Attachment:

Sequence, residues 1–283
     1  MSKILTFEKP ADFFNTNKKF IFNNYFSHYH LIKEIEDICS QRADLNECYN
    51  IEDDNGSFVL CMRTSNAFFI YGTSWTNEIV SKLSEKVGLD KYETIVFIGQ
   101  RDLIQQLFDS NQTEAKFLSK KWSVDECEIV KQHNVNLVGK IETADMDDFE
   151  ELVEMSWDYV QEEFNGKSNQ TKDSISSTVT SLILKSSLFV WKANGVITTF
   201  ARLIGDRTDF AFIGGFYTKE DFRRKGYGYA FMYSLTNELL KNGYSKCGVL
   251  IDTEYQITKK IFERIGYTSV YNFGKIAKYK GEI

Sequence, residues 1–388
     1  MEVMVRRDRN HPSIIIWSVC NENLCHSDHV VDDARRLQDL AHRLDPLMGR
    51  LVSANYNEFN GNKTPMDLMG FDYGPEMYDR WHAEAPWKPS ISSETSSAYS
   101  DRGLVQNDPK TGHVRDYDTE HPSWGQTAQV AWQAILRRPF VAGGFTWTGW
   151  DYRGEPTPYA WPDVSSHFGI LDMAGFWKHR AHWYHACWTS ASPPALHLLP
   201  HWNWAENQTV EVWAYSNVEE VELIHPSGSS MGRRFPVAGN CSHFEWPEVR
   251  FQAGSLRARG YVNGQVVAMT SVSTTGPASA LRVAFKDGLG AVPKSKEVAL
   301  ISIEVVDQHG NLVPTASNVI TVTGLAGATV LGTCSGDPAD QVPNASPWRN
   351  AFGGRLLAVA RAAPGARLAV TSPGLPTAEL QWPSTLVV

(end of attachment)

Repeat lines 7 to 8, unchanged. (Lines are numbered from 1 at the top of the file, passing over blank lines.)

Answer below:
   251  IDTEYQITKK IFERIGYTSV YNFGKIAKYK GEI

Sequence, residues 1–388